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Reverend Constance Jackson

Ordained minister and former City Commissioner for District One of Texas City, Texas Constance Jenell Jackson was born on September 9, 1960 in Wharton, Texas. Jackson comes from a family filled with ministers. Her paternal great-great grandfather, maternal great grandfather, grandfather, and uncle were all ministers. She is one of five children by the late Lewis B. Jackson, Sr., an educator and football coach, and Sweetie Beatrice Crawford Jackson, a retired mental health administrator. Jackson grew up in Pledger, Texas and attended Newgulf Elementary School, Iago Junior High, and graduated from Boling High School in 1979. She attended the University of Texas at Austin and earned a B.A. degree in government.

During Jackson’s first semester at the University of Texas at Austin, she majored in pharmacy, but in her second semester, she changed her major to government when she discovered that Barbara Jordan was teaching at the Lyndon B. Johnson School of Public Affairs. She would subsequently secure an internship at the LBJ School, where she would be mentored by the late congresswoman. During Jackson’s childhood, Barbara Jordan’s uncle served as pastor of her church. After college and with her government degree, Jackson became involved in politics. In 1983, Jackson served as Texas Democratic Party’s assistant primary director and also served as fund-raising executive for Texas Commissioner Garry Mauro. In 1984, Jackson became Capitol Administrator to Texas State Senator Chet Brooks at the State Capitol in Austin, Texas. In 1990, Jackson was promoted to District Administrator by Brooks to oversee his Harris and Galveston County district offices. Jackson worked for Senator Brooks for ten years in these capacities. In 1992, Jackson won a citywide election and became City Commissioner for District One of Texas City, Texas, making her the first African American woman ever elected to a city council position in the entire history of Galveston County.

In addition to her work as city commissioner of District One, Jackson served on the board of the Galveston County American Red Cross and started and supervised the Legislative Internship Program under the auspices of State Senator Chet Brooks.

In 1995, Jackson was involved in a nearly fatal car accident that changed the course of her life. In 1996, she was called to the ministry and in 2001 began her seminary matriculation at the Interdenominational Theological Center (ITC) in Atlanta, Georgia.

She served five terms as city commissioner and, in 2002, she retired from this position and became a full-time minister.

Accession Number

A2005.147

Sex

Female

Archival Photo 1
Interview Date

6/23/2005

8/3/2005

Last Name

Jackson

Marital Status

Single

Organizations
Schools

Boling High School

Newgulf Elementary School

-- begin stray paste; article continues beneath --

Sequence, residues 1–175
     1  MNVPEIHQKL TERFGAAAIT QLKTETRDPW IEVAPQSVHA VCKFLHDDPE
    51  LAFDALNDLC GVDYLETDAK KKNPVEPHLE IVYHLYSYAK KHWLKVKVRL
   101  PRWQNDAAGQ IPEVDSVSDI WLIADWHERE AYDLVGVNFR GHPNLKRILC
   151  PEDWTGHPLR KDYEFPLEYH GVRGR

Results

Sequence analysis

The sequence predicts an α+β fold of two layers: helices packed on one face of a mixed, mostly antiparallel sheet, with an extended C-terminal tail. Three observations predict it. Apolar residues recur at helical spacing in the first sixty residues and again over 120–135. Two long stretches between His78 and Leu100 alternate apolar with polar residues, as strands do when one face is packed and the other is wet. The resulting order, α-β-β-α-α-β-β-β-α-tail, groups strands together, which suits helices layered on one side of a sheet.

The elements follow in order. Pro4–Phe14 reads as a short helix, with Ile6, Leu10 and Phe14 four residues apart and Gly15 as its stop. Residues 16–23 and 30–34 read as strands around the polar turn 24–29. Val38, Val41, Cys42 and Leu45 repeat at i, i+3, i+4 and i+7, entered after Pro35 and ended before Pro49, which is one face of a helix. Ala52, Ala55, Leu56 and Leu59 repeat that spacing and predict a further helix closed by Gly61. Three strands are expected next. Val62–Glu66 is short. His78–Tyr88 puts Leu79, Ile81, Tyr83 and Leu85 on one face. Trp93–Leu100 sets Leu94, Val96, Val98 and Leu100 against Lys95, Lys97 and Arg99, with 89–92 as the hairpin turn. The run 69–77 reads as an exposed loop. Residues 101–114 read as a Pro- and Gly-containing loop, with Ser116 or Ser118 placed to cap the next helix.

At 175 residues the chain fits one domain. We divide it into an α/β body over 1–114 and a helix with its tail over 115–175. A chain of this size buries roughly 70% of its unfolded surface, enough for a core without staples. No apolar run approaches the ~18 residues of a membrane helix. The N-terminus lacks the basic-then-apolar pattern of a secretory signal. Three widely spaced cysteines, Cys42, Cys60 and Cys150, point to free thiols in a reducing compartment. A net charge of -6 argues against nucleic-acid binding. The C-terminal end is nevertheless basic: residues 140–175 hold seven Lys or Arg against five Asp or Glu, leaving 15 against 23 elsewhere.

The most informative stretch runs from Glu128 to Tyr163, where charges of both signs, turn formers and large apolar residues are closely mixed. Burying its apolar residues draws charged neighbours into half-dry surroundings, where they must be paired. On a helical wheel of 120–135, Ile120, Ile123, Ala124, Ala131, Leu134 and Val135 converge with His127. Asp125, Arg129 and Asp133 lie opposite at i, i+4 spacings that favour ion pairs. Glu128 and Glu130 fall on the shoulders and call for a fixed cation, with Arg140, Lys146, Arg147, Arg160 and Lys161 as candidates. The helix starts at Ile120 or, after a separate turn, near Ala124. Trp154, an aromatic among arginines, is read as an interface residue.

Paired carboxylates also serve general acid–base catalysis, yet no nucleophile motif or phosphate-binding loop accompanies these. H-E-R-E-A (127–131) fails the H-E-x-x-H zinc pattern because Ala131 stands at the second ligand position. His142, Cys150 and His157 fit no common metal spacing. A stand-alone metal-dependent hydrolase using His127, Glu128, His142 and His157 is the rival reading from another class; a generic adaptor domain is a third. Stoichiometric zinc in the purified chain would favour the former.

Iago Junior High School

University of Texas at Austin

Archival Photo 2
First Name

Constance

Birth City, State, Country

Wharton

HM ID

JAC13

Favorite Season

Fall, Spring

State

Texas

Favorite Vacation Destination

Lucerne, Switzerland

Favorite Quote

Don't Follow My Footsteps. Make Your Own Tracks.

Bio Photo
Speakers Bureau Region State

Texas

Interview Description
Birth Date

9/9/1960

Birth Place Term
Speakers Bureau Region City

Houston

Country

USA

Short Description

City commissioner and minister Reverend Constance Jackson (1960 - ) was a city legislator for District One of Texas City, TX

Employment

Gary Mauro's Texas Land Commissioner Campaign

Texas City, City Council

Favorite Color

Navy Blue

Timing Pairs
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DAStories

Tape: 1 Story: 1 - Slating of Reverend Constance Jackson's interview

Tape: 1 Story: 2 - Reverend Constance Jackson lists her favorites

Tape: 1 Story: 3 - Reverend Constance Jackson describes her mother's family background

Tape: 1 Story: 4 - Reverend Constance Jackson describes her mother's life in Cuero, Texas

Tape: 1 Story: 5 - Reverend Constance Jackson describes her father's family background

Tape: 1 Story: 6 - Reverend Constance Jackson describes her father's childhood

Tape: 1 Story: 7 - Reverend Constance Jackson recounts how her parents met

Tape: 1 Story: 8 - Reverend Constance Jackson describes her parents' personalities

Tape: 1 Story: 9 - Reverend Constance Jackson describes her earliest childhood memory

Tape: 1 Story: 10 - Reverend Constance Jackson describes the sights, sounds and smells of her childhood

Tape: 2 Story: 1 - Reverend Constance Jackson recalls how music influenced her childhood

Tape: 2 Story: 2 - Reverend Constance Jackson describes the African American community of Pledger, Texas

Tape: 2 Story: 3 - Reverend Constance Jackson recalls lessons from her family

Tape: 2 Story: 4 - Reverend Constance Jackson describes her personality as a child

Tape: 2 Story: 5 - Reverend Constance Jackson describes pastimes from her childhood

Tape: 2 Story: 6 - Reverend Constance Jackson recalls Newgulf Elementary School in Newgulf, Texas

Tape: 2 Story: 7 - Reverend Constance Jackson describes Iago Junior High School in Iago, Texas